2

On the meeting with website stakeholders I was asked why not make hero area clickable and lead to promotion page in addition to CTA button leading to the same promotion page?

Since it never occurred to me that one could want to do that I found nothing better to say then "It is not how web works". For me it is not what people expect and it violates POLA principle, but is it really?

I'm curious what are the pros and cons of clickable hero images?

2
  • 1
    I must say it's going to depend a lot on what your hero images is/says. Lots of eCommerce sites use hero images as large clickable ads that link to deals.
    – DasBeasto
    Commented Jun 19, 2017 at 17:00
  • 1
    Quite honestly I think it's a matter of testing. I don't know of any case like this, so can't tell. I'd say it's wrong, but other than some minor implementation perks and a darkpattern-ish sensation, I can't tell exactly why, so again: test and see what happens
    – Devin
    Commented Jun 19, 2017 at 17:17

1 Answer 1

1

When in Rome …

Clickable hero images are very common in e-comm.
Does it work? The big players seem to think so:
Amazon, Walmart, and eBay all do it.

Fitt's Law is the most obvious supporter, from a simple click-target perspective. After years of testing, many e-comm properties have slowly evolved away from having buttons on their main banner.

What does the button do?

Nothing, technically. It's a psychological trigger (you know, a call to action) that may or may not be necessary on the web today.

If the hero is well written and designed, it becomes a clear action with or without a button. People have come to expect interaction everywhere things can be purchased.

If you do include a button, it's good practice to have some state change when you hover the whole area. I've seen just the button change and the whole area and button. I've tried both solutions myself and don't have any hard data on one being better than the other.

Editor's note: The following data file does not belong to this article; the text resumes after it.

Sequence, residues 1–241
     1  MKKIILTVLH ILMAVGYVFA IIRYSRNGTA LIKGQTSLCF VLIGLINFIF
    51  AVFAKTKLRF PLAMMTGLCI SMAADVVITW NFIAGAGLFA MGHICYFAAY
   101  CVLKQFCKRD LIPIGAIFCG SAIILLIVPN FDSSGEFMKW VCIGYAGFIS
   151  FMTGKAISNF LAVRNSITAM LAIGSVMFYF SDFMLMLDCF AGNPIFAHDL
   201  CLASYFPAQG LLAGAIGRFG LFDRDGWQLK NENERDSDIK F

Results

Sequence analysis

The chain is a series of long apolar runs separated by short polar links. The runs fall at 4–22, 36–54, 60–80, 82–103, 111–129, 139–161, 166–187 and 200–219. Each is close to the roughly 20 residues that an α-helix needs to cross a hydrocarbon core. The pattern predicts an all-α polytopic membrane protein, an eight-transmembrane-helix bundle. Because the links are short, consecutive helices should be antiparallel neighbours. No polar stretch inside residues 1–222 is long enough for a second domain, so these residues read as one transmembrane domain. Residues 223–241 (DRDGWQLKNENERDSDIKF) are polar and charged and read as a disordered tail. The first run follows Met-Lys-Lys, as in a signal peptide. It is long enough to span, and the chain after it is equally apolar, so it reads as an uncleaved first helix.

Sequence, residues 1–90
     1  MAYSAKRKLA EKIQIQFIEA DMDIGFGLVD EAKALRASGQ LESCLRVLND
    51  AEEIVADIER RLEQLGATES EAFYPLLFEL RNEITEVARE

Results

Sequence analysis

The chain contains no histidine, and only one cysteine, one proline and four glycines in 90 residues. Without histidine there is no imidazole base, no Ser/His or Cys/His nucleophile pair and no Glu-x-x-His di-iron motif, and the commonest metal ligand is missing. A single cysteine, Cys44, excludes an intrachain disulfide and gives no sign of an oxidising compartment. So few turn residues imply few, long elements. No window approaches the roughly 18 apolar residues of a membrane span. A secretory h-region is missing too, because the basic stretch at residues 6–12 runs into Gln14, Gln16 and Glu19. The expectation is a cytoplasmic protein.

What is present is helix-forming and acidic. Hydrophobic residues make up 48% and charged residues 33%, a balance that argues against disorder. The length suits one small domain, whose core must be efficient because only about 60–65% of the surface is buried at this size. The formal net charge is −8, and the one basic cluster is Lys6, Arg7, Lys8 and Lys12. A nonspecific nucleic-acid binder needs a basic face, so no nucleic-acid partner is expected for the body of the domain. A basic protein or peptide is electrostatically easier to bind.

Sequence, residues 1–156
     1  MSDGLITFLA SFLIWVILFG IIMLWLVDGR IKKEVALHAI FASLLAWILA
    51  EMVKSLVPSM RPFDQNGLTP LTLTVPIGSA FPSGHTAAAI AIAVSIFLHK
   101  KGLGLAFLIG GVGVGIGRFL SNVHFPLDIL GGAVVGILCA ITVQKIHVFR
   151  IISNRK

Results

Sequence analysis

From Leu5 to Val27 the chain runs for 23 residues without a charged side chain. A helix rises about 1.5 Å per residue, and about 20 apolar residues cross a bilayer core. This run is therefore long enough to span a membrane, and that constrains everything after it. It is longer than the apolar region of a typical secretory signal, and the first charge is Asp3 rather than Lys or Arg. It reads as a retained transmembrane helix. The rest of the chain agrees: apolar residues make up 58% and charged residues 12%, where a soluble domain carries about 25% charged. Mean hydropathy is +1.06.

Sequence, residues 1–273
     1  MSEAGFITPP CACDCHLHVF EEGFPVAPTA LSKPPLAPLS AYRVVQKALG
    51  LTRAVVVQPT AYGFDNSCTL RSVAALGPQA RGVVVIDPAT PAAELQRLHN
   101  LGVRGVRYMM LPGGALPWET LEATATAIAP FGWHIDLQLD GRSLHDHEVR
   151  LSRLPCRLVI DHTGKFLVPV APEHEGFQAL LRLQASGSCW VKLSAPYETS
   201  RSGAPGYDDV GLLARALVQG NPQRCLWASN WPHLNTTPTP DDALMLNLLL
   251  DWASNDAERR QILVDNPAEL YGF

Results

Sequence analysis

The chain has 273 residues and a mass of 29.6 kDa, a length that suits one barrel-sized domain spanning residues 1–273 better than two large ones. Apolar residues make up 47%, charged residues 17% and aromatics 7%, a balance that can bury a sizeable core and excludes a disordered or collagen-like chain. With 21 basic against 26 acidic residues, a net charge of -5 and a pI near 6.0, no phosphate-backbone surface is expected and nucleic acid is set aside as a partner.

YMMV: test it!

You have three good options to start with:

  1. Hero with clickable button
  2. Clickable hero with a button
  3. Clickable hero with no button

Test each option in a guerrilla or lab setting to see how clear your call to action is. Then split traffic in production and try each. The numbers will tell you if there's a clear winner.

5
  • 1
    In my case it is not exactly eCommerce site, it's a product company and hero area is more a screen wide "emotional connector". Plus, I'm not sure that it is ok to apply Fitt's Law like this. It is about distances between intractable elements and its sizes. There is no benefit in oversizing your buttons. Commented Jun 19, 2017 at 19:54
  • "There is no benefit in oversizing your buttons" I'd challenge you to prove that with data 😁 Commented Jun 19, 2017 at 20:35
  • :) Thankfully It is the "law", we all collectively choose to obey and follow for some reason. See "Bigger Is Not Always Better" part. Commented Jun 19, 2017 at 21:32
  • However, in this case, you're not talking about consuming more of the screen. The screen space is already in use, it's just a matter of whether it's interactive or not. That's where the testing thing comes into play. Commented Jun 19, 2017 at 21:59
  • I can agree on testing part. Commented Jun 20, 2017 at 12:26

Your Answer

By clicking “Post Your Answer”, you agree to our terms of service and acknowledge you have read our privacy policy.

Not the answer you're looking for? Browse other questions tagged or ask your own question.